Microsoft Edge teases the future via new collab tool and AutoPlay Blocking update

Microsoft Workspaces
(Image credit: Microsoft)

Several new features for Microsoft Edge are entering a public beta; all with the goal to improve user collaboration, transparency, and internet usability.

Originally announced back in October 2022, Workspaces let people share a group of browser tabs with others. The tool will live in a new button in the top left corner of the Edge browser. Clicking it lets you create a Workspace window with an original name and color theme. From there, you collect whatever tabs you want, then select Share Workspaces in said button where you are given a hyperlink to share. Those recipients can continue adding to the tab group if they want to grow it even further before sending it back to you.

Microsoft points out Workspaces is “not browser screen sharing, nor does it share browser data" with others in a group. “Confidential data like logins, cookies, [or] passwords” will be not shared either, according to the announcement. All people see are the tabs.

Before you open Edge to try out Workspaces, you first need to have a Microsoft account (obviously) as well as a recent version of the Edge browser on either PC or Mac. Be aware this is a limited preview so not everyone will get to try out the feature, but there are plans to expand to more users throughout "the next several months.” Also, groups will be small as Workspaces is currently limited to five invitees.

Out with the old; in with the new

Moving on to the next major addition, you have the return of Autoplay Blocking with a new Block setting that’ll stop all automatic media playback on websites. Previously with the Limit option, you were only allowed to stop autoplaying videos on sites you’ve visited before. There is a catch with this feature: Autoplay Blocking is restricted to the Canary Channel version of Microsoft Edge so you’ll need to install the other browser, and even then, only a handful can try it out. However, there are plans to expand user availability.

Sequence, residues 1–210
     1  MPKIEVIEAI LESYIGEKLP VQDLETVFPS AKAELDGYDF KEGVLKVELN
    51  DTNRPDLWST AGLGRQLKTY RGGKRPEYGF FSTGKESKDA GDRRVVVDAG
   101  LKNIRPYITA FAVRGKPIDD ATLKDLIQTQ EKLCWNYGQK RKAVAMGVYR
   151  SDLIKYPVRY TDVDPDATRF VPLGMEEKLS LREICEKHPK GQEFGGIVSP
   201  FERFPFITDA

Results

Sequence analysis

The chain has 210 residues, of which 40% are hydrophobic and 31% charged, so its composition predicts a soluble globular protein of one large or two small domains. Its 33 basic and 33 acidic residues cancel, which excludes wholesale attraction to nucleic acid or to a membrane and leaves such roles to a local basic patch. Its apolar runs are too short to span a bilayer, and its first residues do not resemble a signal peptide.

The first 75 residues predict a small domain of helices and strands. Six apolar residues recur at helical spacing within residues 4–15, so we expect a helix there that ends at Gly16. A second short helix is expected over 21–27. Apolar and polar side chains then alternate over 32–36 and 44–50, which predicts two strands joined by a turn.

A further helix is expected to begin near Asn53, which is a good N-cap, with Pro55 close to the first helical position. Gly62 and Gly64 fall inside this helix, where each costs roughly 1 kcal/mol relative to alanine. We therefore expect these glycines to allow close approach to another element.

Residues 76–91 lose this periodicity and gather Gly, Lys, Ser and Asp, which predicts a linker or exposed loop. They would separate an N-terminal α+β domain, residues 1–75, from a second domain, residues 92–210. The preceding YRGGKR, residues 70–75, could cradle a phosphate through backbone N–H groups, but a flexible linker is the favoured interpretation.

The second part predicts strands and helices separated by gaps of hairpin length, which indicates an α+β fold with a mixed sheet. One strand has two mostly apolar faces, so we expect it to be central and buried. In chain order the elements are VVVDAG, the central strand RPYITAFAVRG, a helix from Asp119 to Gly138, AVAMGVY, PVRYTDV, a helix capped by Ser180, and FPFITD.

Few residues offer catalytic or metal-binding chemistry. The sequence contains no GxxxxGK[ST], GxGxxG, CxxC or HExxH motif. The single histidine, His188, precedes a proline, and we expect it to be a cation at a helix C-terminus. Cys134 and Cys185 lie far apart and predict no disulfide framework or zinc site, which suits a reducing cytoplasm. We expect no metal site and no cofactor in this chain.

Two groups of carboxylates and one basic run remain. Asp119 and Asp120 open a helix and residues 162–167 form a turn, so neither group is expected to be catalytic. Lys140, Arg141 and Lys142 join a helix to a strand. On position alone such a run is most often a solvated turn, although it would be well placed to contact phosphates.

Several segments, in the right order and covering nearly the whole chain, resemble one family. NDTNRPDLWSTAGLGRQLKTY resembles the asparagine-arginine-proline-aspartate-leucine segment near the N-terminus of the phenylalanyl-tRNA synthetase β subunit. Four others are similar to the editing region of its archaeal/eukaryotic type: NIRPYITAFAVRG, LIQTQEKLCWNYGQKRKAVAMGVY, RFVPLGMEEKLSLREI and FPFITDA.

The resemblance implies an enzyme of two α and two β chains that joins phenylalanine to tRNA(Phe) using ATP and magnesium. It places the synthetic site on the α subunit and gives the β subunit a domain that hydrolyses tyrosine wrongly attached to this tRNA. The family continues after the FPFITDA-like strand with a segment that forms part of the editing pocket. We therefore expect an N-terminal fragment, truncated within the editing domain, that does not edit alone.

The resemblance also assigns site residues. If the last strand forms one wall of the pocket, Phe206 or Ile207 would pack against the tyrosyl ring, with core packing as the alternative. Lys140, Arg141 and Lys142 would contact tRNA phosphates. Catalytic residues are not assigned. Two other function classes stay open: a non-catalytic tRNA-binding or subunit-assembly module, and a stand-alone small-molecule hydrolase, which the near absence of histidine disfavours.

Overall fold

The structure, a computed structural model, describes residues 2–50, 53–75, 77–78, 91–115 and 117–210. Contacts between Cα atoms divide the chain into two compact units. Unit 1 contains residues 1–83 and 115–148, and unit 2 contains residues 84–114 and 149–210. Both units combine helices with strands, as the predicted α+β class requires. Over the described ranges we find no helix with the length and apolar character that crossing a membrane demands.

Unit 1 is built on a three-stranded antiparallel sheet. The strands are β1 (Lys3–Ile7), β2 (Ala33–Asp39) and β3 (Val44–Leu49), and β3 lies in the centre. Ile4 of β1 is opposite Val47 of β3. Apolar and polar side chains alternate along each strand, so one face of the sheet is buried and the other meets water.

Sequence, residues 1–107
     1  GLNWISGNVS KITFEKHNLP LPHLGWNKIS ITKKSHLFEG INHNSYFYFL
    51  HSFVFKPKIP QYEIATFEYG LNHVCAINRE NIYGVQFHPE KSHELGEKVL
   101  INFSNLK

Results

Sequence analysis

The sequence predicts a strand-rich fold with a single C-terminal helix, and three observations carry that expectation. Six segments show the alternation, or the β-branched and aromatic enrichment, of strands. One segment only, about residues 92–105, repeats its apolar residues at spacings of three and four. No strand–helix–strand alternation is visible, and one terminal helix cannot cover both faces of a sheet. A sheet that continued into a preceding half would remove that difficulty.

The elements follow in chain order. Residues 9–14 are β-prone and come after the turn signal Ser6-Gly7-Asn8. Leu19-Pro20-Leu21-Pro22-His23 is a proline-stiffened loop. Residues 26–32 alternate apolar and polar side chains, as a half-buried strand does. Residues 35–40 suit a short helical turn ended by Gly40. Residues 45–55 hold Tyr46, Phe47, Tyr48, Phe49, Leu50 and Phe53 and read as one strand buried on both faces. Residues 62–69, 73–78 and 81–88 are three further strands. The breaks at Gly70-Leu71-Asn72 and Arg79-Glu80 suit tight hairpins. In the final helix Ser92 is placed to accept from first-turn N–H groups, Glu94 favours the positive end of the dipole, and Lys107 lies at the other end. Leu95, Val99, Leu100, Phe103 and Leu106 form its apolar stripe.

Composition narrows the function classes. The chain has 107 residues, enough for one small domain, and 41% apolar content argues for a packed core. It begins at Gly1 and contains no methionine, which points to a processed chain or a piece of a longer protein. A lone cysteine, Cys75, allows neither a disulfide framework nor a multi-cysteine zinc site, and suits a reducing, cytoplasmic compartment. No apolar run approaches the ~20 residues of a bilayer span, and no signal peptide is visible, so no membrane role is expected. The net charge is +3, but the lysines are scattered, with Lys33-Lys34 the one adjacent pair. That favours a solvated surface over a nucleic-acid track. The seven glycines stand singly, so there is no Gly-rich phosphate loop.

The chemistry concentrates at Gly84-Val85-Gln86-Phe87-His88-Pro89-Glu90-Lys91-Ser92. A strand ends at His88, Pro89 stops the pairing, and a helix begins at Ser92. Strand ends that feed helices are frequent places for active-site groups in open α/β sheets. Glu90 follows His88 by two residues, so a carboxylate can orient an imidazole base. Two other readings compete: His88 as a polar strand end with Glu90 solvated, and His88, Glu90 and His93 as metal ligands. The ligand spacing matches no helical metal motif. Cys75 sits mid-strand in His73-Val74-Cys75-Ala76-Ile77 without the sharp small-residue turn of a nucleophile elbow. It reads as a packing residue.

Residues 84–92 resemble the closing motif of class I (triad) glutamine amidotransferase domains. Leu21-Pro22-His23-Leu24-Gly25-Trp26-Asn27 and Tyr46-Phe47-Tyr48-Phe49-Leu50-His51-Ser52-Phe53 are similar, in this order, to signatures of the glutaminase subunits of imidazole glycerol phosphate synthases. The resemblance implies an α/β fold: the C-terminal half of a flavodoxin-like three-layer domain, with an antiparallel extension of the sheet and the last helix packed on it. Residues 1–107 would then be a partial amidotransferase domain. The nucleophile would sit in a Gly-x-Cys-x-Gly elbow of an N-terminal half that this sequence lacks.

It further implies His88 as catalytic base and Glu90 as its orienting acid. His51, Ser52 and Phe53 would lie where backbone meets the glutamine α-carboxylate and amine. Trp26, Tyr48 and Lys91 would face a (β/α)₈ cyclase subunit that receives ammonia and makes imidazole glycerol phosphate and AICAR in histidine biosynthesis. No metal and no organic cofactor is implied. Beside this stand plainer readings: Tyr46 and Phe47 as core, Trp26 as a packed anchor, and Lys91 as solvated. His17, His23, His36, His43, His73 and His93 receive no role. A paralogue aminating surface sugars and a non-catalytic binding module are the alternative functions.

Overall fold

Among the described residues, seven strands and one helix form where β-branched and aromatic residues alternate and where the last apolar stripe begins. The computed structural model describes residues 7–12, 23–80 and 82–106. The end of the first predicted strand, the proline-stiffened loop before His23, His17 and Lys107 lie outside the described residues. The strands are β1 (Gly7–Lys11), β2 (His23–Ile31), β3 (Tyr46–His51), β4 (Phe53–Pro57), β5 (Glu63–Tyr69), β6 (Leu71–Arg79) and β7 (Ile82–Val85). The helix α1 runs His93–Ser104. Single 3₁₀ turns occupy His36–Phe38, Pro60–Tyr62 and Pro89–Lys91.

Less restrictive is Browser Essentials, a stats panel that will be the future replacement for the Performance Hub. It provides details on key “performance and safety features like Efficiency Mode, Sleeping Tabs, and SmartScreen scanning.” For example, you can see how many websites Edge scanned to see if there was any malware lurking, as well as the number of dangerous downloads it blocked. 

Browser Essentials will be available on Edge 112, which is currently rolling out, according to the release schedule. If you don’t yet have the update, Microsoft states you can join either the Canary or Dev channels of the Windows Insider Program to try out the tool. You’ll know you have it if you see a heart icon in the toolbar. 

Because these are works in progress, the company is asking users to give their opinion on them. Each feature has its own method of providing feedback like hitting thumbs up or thumbs down in their respective menu. We did reach out to Microsoft to see when everything will officially launch. This story will be updated at a later time.

Cesar Cadenas

Cesar Cadenas has been writing about the tech industry for several years now specializing in consumer electronics, entertainment devices, Windows, and the gaming industry. But he’s also passionate about smartphones, GPUs, and cybersecurity.